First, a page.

11 Tips To Avoid Being Scammed Out Of Your Crypto

Is it just me, or does it seem that any time a really great tool comes along that advances humanity for the better there is some jackass that decides to use that same great tool to scam people out of their hard earned money. This pitfall is not a new idea and has been happening since the concept of "mine" was first derived. The scammers are out there in EVERY industry and the emerging world of cryptocurrency is a prime target for a scam. Follow The 'Stache for my top 11 tips to avoid being scammed out of your hard earned cryptocurrency. 

  1. Coin or project is “overly hyped”. If you start to see tons of banners and obvious fake accounts all pushing a new coin and over hyping it make sure you take caution and do research.
  2. Portrayed as a guaranteed investment. When it comes to investing, there really is no such thing as a "guaranteed" investment. Very rare cases aside, this is a good rule of thumb.
  3. Only use trusted, peer reviewed software. I try to always use well reviewed, open source software and avoid obscure wallets or desktop software for crypto type stuffs.
  4. Careful of clicking on links from unsolicited emails. This is a favorite tactic of scammers, always be mindful of this, especially if your email is public like a small business owner.
  5. Never engage in transactions over social media. I have had quite a few obviously fake profiles try to get me to buy or sell Bitcoin to them on Facebook, no real trader or legit person does this out of the blue, beware!
  6. Watch for phishing attempts, especially on website URLs. This is always a tricky one to avoid, but watch for misspelled urls or copy websites that will trick you into giving up your coins. These seem to be rampant right now!

  7. Is it open source? If not, make sure to do extra research. While most crypto follows a transparent and open source motto, some do not and while it may not always be a bad sign I do love to support the ethos of open source so I tend to do a tiny bit more research in the case of something that isn't.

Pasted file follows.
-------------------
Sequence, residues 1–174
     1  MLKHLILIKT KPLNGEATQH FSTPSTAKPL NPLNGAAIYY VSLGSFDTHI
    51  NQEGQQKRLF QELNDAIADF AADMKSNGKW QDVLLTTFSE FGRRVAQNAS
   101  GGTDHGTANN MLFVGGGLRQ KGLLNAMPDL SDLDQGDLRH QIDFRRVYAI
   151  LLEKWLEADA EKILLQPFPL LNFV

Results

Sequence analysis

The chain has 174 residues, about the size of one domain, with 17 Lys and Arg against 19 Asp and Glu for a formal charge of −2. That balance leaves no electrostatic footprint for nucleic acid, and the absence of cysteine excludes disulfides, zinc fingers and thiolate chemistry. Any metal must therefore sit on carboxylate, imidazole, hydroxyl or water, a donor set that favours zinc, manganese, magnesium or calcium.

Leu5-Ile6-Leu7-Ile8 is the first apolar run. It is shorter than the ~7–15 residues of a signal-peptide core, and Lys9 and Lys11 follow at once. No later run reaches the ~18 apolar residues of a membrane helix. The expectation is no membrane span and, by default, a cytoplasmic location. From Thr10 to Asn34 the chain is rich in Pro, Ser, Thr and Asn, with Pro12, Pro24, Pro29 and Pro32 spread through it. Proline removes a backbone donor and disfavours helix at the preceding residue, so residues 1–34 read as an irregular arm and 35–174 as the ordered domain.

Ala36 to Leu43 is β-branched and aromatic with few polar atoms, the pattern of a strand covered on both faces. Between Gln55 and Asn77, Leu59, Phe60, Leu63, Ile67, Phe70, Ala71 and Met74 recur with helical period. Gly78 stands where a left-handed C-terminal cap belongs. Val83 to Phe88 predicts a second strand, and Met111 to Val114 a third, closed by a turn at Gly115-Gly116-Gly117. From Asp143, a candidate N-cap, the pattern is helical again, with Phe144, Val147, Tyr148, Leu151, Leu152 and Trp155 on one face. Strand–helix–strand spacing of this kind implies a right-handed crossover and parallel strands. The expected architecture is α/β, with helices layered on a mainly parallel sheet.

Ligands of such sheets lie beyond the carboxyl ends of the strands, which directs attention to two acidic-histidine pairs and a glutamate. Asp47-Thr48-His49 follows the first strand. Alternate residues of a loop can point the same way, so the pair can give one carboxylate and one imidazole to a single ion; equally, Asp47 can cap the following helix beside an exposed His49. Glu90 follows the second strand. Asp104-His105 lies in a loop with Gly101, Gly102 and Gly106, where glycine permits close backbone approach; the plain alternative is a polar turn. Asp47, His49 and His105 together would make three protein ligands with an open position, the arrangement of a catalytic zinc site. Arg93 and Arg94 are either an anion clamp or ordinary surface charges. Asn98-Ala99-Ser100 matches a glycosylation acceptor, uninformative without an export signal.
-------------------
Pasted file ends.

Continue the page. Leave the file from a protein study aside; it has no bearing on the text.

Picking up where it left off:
8. Pump and Dump’s can be avoided by doing your own research. This classic scam has also been a favorite of crypto scammers on youtube and beyond. Don't fall for it, do your own research and don't go "all in". 
  9. Website or message has very bad grammar or spelling. 
  10. Don’t click on shortened links from untrusted sources like: goo.gl/aDRgis Many scammers use link shortners to mask or hide where they are sending you. This is not always the case, but always take caution with this.
  11. If it sounds too good to be true it probably is. This age old advice works well in crypto too, if you almost can't believe the deal is this good it probably isn't. Stay on your toes and do your own research (I know I keep saying this but... you should!).

If you follow these tips you are less likely to be hit by a scammer. I can't stress enough the need to always do your own research. If a prince from a far away land emails you about a large inheritance of cryptocurrency you SHOULD know what to do after reading this article (hint: the answers is NOT give him your private keys!). Stay safe out there!

Gotta Keep That 'Stache Under Lockdown From Scammers!

Shea Newkirk

The ‘Stache
Howdy! My name is Shea Newkirk and I have been a Bitcoin supporter since 2014. I am immersing myself in the cryptocurrency world and I decided to jot down my story as things unfold. I am a designer, coder, musician, gamer, father, blogger, entrepreneur & more. Learn from my mistakes and rejoice in my triumphs because the ‘Stache is set to disrupt the crypto world!